I get to drive one of the children in my extended family (age 6) to her weekly ballet class. It’s fun to have a few minutes each week of one-on-one time with her. I try to think of one question that might lend itself to a spiritual—or heart—conversation, amid the funny or imaginative chatter in the car.
This afternoon I think I’ll ask her, “What did you do to help someone today?”
Several years ago, the Barna Group published an incredible statistic. It found that less than 10% of families have spiritual conversations in the home. This includes families who are a regular part of a faith community!
One real practical action
Here’s a practical action we adults can take to contribute to childhood spiritual development. Ask a question that makes them think, and search themselves for an answer. “What do you think heaven looks like?” (or “If there’s such a thing as heaven, what do you think it looks like?”) With a question like this, Glennon Doyle says:
“[Kids] are looking inside to see what they’ll find and as soon as they find it: there it is – their hands fly up and they say: “I know I know!!” And then they pull something out of themselves that they didn’t even know was there. Look! Look what I found inside of me! And we smile or nod, and either way we are saying: wow, that is so cool. I didn’t even know [you imagined] that. I didn’t know that about you!”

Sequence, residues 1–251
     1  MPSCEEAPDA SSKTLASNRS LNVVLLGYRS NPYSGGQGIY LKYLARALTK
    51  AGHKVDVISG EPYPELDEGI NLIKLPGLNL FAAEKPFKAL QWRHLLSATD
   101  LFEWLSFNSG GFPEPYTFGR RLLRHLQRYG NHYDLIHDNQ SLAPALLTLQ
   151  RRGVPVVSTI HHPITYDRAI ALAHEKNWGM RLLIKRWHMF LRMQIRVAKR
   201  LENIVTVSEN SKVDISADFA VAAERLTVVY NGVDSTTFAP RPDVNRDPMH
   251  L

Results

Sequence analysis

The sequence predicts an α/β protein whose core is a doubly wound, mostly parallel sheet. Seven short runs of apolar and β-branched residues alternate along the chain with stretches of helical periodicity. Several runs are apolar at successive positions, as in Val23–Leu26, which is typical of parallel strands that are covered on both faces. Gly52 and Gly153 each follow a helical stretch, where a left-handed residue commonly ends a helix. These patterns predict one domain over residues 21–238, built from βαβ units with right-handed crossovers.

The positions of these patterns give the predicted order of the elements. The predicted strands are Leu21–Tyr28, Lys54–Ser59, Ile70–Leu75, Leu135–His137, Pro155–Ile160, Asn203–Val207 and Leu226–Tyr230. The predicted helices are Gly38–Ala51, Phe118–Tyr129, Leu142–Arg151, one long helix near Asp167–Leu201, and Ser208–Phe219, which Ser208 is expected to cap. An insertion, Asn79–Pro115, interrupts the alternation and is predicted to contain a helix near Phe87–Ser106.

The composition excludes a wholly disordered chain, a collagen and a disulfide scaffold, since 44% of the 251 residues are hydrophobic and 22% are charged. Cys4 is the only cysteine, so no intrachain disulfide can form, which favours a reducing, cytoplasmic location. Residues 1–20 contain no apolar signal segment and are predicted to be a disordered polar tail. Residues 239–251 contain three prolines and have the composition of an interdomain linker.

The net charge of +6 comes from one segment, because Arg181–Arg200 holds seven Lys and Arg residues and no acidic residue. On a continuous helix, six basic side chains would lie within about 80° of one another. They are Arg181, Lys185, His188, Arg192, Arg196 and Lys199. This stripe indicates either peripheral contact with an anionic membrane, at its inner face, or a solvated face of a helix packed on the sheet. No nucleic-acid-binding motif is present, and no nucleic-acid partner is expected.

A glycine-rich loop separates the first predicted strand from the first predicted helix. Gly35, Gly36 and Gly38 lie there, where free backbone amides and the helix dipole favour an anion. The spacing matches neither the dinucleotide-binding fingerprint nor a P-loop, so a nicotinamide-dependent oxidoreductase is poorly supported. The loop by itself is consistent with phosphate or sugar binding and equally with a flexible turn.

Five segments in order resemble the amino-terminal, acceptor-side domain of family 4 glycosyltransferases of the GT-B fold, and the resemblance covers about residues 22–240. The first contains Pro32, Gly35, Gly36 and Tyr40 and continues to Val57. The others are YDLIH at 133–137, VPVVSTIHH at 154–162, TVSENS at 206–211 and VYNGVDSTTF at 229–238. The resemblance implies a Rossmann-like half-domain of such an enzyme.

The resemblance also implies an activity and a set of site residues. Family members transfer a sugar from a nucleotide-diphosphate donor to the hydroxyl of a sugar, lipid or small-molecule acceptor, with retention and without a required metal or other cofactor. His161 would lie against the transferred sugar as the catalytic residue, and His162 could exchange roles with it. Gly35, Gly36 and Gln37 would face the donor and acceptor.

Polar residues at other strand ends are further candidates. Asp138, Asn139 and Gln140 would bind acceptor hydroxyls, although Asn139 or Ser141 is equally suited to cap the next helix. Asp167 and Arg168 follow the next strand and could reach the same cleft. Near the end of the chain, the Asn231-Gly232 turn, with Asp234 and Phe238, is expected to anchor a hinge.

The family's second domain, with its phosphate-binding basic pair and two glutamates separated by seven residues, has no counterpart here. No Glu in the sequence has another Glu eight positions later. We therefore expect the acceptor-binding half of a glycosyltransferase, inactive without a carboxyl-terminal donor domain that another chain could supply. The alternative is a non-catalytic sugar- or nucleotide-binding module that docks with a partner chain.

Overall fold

Sometimes the reason we don’t know what’s going on in each other’s lives is that we don’t ask.
- Who helped you today?
- If you could change anything about me, what would it be?
- Who in your class seems lonely?
- What is something you know how to do that you could teach others?
- If you could switch places with one friend for a day, who would it be?
- What is something you’ve always wanted to ask me?
Tweetable: Step up your efforts to strengthen a child’s spiritual development this year. It takes planning, but not much planning, and an opportunity for 1 and only 1 thoughtful question. More here. Click to Tweet